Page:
Finishing school

Words associated with graduation

It’s graduation season, a good time to look at some of the words and ceremonies associated with this rite of passage.

Let’s start with the word “graduate.” The person being awarded a degree is then and forever more a graduate. From the 16th through 18th centuries, the only “proper” usage was to say that the institution “graduated” the student, or that the student “was graduated from” an institution; the verb could not be used by the student. But beginning in the 19th century, students could say they “graduated from” a school.

Garner’s Modern American Usage says that, “In the mid-20th century, usage began to shift further,” and people started to say they “graduated college,” dropping the preposition. “This poor wording is increasingly common,” Garner’s says, though it’s only at Stage 3 on the five-stage Language-Change Index. Most dictionaries say “graduating college” is “informal,” and most style guides, including that of the Associated Press, call for the use of the preposition.

These graduates are also “matriculants,” but all “matriculants” are not “graduates.” Not yet, at least. A “matriculant” is simply someone who is enrolled in a program or school. Such a person may also be called a “matriculate,” though that usage is uncommon. The verb is also “matriculate.”

Any form of “matriculate” seems jargony, and it almost always can be replaced with a clearer word, like “enrolled.” They all derive from old words for “enroll,” after all. The Oxford English Dictionary says “matriculate” may have been influenced by the Latin word “mater,” or “mother.” That’s as in “alma mater,” the nurturing mother (or university).

The top graduate may be called upon to give the “valedictory” or “valediction,” from the Latin for a farewell speech. The second-highest graduate may be asked to give a “salutatory,” or message of greeting. (Since the idea of a speech is embedded in those words, you don’t need to add “speech” or “address,” but you can, making them adjectives instead of nouns.) In theory, the “salutatorian” comes before the “valedictorian,” even though the student’s ranking didn’t. The OED traces the first printed use of both “valedictorian” and “salutatorian” to the 1847 Webster’s American Dictionary of the English Language, meaning we started it here.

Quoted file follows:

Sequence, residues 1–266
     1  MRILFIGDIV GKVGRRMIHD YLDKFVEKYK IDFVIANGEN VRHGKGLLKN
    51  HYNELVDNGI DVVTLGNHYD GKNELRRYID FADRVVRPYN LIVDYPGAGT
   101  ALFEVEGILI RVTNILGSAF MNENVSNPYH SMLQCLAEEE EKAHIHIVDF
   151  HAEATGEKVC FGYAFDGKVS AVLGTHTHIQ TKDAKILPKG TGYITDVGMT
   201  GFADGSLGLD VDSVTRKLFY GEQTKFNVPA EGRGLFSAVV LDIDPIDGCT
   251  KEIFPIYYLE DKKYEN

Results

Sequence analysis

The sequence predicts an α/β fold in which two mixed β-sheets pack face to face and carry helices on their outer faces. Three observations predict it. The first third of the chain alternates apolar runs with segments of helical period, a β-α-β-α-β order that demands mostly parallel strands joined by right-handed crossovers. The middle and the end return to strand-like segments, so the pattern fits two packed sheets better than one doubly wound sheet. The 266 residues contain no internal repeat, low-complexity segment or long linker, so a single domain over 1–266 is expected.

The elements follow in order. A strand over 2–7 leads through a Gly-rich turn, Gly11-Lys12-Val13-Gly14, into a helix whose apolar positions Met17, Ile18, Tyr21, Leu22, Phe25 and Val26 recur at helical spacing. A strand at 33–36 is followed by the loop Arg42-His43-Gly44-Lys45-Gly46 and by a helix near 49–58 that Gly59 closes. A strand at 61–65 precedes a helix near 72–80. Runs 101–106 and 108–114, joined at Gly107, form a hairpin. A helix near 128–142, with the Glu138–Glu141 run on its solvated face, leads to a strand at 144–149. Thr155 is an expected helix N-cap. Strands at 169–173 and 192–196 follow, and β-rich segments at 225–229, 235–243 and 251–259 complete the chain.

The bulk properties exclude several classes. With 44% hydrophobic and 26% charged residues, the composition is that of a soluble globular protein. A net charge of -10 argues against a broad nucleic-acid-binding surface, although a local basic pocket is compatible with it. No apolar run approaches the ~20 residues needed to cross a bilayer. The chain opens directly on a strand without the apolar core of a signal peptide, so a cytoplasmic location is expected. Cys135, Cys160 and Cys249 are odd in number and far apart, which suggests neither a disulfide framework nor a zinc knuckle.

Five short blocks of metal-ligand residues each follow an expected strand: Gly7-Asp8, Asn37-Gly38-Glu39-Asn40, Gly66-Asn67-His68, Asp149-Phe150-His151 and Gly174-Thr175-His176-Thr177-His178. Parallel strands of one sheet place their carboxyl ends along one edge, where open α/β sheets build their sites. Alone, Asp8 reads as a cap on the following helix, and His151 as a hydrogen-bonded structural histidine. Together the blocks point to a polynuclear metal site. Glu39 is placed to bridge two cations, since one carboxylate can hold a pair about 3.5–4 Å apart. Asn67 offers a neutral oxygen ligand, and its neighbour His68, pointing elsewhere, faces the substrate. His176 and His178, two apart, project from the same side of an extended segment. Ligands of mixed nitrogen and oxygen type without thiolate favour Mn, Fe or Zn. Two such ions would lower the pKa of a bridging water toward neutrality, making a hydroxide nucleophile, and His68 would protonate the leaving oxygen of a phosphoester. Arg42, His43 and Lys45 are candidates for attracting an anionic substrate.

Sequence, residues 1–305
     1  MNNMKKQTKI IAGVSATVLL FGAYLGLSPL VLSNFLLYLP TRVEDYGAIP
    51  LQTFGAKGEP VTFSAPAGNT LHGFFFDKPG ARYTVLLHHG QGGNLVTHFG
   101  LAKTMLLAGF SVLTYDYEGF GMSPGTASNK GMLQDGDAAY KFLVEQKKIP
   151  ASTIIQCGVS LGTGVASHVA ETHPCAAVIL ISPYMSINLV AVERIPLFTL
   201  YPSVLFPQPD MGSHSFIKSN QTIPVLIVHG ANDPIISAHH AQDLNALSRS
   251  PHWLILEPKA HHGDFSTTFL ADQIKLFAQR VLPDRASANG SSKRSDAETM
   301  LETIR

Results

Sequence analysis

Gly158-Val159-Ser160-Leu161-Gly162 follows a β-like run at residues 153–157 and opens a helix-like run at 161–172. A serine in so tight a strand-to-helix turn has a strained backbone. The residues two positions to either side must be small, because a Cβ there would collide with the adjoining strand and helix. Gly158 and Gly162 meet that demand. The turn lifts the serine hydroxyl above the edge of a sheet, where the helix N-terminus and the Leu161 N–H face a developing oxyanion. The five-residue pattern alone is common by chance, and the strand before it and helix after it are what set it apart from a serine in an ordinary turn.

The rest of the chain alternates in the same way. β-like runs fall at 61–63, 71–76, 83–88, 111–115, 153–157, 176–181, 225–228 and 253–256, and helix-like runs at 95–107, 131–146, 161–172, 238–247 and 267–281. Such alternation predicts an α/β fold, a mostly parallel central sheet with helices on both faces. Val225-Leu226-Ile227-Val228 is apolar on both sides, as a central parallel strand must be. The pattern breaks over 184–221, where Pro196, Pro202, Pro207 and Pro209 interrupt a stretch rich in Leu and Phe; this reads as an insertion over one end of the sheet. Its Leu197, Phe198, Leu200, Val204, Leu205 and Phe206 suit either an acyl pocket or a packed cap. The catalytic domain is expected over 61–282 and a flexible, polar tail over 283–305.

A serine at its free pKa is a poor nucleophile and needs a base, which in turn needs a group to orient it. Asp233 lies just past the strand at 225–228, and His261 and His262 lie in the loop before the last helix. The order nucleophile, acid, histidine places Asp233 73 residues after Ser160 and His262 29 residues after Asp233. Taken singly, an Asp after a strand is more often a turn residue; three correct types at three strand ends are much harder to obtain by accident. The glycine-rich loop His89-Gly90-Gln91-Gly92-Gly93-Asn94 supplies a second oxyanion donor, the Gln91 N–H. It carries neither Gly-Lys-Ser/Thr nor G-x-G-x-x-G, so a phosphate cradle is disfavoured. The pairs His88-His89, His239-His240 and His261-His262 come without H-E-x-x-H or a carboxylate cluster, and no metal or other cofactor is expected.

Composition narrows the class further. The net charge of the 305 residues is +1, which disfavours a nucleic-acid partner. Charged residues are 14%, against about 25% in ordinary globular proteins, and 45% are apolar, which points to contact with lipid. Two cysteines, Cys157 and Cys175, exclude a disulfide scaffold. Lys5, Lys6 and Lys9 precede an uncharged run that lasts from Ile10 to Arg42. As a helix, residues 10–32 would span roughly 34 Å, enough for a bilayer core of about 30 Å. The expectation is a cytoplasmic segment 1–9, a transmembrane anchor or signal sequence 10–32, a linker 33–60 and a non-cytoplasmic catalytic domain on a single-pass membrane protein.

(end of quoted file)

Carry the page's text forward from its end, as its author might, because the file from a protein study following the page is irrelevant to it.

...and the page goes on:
The new graduates become “alumni,” also derived from Latin, meaning “foster son.” (Do you detect the pattern?) “Alumni” can be male, or a mixture male and female, but there must be more than one. A single male graduate is an “alumnus”; a single female is an “alumna”; more than one female are “alumnae.” Given the gender identity issues on campus and elsewhere, you can call them all “alums” and be done with it: Garner’s says that “clipped” form is at Stage 4, meaning it wouldn’t be acceptable to your Latin teacher, but probably is to everyone else.

Finally, most graduations are accompanied by some version of “Pomp and Circumstance.” Edward Elgar composed it for the coronation of King Edward VII in 1901, and heard it played for him when he received an honorary degree from Yale in 1905, NPR reported in 2003. “After Yale used the tune, Princeton used it,” as did the University of Chicago, Columbia, and others, NPR music commenter Miles Hoffman said. Eventually, “everybody started using it. It just became the thing that you had to graduate to.”

In other words, everyone wanted to be Pomp-ous. You can be, too, by using “matriculate.”

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Merrill Perlman managed copy desks across the newsroom at The New York Times, where she worked for 25 years. Follow her on Twitter at @meperl.